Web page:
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Erdoğan gov’t panicked about the exposé and hushed up the case

In January 2014 the government, already shaken by the December 2013 corruption investigations that incriminated the inner circle and family members of then-Prime Minister Erdoğan, was in a panic and scrambled to kill any ongoing, confidential probes before they were made public and before the indictments were submitted by the prosecutors. A secret terrorism case that was launched into the illegal activities of the IRGC Quds Force in 2010 and was still ongoing at the time became an immediate target. In a serious blow to the independence of the judiciary by the blatant interference of the executive branch, Erdoğan and his associates orchestrated the removal of the lead prosecutor and all the police investigators who had worked on the Quds Force investigation.

A few months later, the new prosecutor, Irfan Fidan, a pro-Iran Islamist, took over the investigation, dropped the probe, closed the case and let all the suspects off the hook. The Iranian spies were allowed to escape. Instead, the prosecutors and police chiefs who had investigated the Quds Force for years as well as the judges who authorized warrants such as wiretaps and surveillance were subsequently charged in sham judicial investigations with attempting to overthrow the government.

Later on, an indictment was filed for all prosecutors, judges and police investigators who were involved in the Quds Force terrorism investigation as well as journalists who reported on the clandestine activities of the IRGC in Turkey. Many have been jailed pending trial since 2015. Prosecutor Fidan, Erdoğan’s special appointee, dismissed all the evidence collected against Quds Force operatives, fabricating new charges against those who merely did their job in the law enforcement agencies and criminal justice system.

 

 

Defense statement of Adem Demir, the police chief who took the initial statement from Hassan Faraji Ghotlou.

 

Irfan Fidan went so far as to claim that there actually was no such person as Ghotlou and that he was simply made up to bring criminal charges against Hakan Fidan, a pro-Iranian Islamist who has been leading MIT since 2010. Yet neither the police CCTV records nor the visitors’ logs were checked to verify if Ghotlou had visited the police department.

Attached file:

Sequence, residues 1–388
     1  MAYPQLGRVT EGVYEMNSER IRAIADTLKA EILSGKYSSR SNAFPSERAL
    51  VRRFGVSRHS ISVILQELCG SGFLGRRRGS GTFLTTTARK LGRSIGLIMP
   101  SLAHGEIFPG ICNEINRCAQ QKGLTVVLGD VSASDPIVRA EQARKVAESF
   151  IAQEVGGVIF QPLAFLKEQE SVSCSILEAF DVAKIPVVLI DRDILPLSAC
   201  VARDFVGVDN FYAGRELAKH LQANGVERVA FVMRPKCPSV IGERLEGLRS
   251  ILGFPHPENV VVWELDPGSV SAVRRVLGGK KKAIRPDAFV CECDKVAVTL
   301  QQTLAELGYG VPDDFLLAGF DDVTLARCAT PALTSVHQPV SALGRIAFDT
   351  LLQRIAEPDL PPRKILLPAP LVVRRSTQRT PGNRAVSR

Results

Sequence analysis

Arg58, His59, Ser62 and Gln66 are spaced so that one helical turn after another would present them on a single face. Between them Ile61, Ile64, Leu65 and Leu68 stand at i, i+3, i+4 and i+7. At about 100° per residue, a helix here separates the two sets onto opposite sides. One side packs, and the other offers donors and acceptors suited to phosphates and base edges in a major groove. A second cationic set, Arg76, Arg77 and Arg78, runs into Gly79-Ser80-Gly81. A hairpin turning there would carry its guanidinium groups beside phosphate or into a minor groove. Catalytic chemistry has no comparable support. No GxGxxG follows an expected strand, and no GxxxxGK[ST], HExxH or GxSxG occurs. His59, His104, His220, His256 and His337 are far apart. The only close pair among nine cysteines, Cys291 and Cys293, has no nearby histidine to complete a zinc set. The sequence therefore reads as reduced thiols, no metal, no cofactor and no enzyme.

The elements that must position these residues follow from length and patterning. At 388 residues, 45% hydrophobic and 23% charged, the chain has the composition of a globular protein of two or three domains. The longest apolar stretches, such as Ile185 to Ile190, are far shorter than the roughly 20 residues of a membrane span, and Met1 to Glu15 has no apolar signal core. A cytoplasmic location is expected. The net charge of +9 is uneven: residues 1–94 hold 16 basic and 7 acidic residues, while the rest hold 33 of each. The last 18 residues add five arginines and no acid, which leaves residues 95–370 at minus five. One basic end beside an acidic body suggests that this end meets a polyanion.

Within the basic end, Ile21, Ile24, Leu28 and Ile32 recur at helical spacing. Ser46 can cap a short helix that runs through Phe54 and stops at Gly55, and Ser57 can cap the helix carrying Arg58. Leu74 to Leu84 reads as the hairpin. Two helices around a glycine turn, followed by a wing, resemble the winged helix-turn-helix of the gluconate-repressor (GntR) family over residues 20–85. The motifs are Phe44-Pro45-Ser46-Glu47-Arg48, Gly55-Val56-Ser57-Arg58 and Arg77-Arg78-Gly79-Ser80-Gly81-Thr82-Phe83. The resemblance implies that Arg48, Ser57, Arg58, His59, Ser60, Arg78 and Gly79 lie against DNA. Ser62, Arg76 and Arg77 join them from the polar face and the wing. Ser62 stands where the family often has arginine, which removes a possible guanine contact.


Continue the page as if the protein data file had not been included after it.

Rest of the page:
Police chief Ataç, a defendant in the case, asked the court during the trial for an examination of the entry logs in 2016, yet the Istanbul Police Department waited until September 8, 2016 to send a letter confirming that a person by the name of Hassan Faraji Ghotlou had actually visited the police station. The prosecutor’s case collapsed on the evidence, yet the judge continued the trial in order to not invite the wrath of the Erdoğan government.

 

Irfan Fidan (L) meeting with Venezuelan President of the Supreme Court of Justice Maikel Moreno on November 14, 2019.

 

Ataç also asked the judge to order MIT to provide the records of meetings with the MIT agents he identified in his defense statement and launch an investigation to determine if any attaché named Ömer had worked in Turkey’s Uremia consulate. The judge approved the motions, ordering Turkish authorities to respond, but neither MIT nor the Foreign Ministry bothered to comply with the court decision.

It is not known what happened to the IRGC defector in the end, but he was most definitely made to disappear by the government. In the meantime, the Turkish government also helped secure the release of convicted Iranian spy Khoei, who was sentenced to 15 years for espionage by the Erzurum 2nd High Criminal Court. When in 2014 the government pushed through a hastily drafted amendment to the intelligence law that authorized MIT to hand over convicts and detainees to other countries and terrorist organizations without a judicial review, the first thing MIT did was to release Khoei to Iranian authorities. For all we know, Ghotlou was also handed over to the Iranians or was killed.